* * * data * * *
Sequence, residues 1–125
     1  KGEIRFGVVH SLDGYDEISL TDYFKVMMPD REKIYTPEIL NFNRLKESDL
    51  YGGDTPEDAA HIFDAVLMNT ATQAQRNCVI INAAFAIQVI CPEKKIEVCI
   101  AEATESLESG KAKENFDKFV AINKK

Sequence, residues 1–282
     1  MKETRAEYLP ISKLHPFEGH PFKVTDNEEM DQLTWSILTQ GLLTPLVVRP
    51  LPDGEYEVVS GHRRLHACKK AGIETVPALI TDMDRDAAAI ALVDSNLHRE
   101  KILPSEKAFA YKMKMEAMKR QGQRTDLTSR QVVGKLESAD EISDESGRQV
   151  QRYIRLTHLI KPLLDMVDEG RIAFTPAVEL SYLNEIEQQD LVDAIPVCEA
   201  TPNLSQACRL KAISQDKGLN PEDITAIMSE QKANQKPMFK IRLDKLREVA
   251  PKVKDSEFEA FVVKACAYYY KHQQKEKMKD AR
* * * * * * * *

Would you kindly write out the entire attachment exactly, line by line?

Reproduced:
Sequence, residues 1–125
     1  KGEIRFGVVH SLDGYDEISL TDYFKVMMPD REKIYTPEIL NFNRLKESDL
    51  YGGDTPEDAA HIFDAVLMNT ATQAQRNCVI INAAFAIQVI CPEKKIEVCI
   101  AEATESLESG KAKENFDKFV AINKK

Sequence, residues 1–282
     1  MKETRAEYLP ISKLHPFEGH PFKVTDNEEM DQLTWSILTQ GLLTPLVVRP
    51  LPDGEYEVVS GHRRLHACKK AGIETVPALI TDMDRDAAAI ALVDSNLHRE
   101  KILPSEKAFA YKMKMEAMKR QGQRTDLTSR QVVGKLESAD EISDESGRQV
   151  QRYIRLTHLI KPLLDMVDEG RIAFTPAVEL SYLNEIEQQD LVDAIPVCEA
   201  TPNLSQACRL KAISQDKGLN PEDITAIMSE QKANQKPMFK IRLDKLREVA
   251  PKVKDSEFEA FVVKACAYYY KHQQKEKMKD AR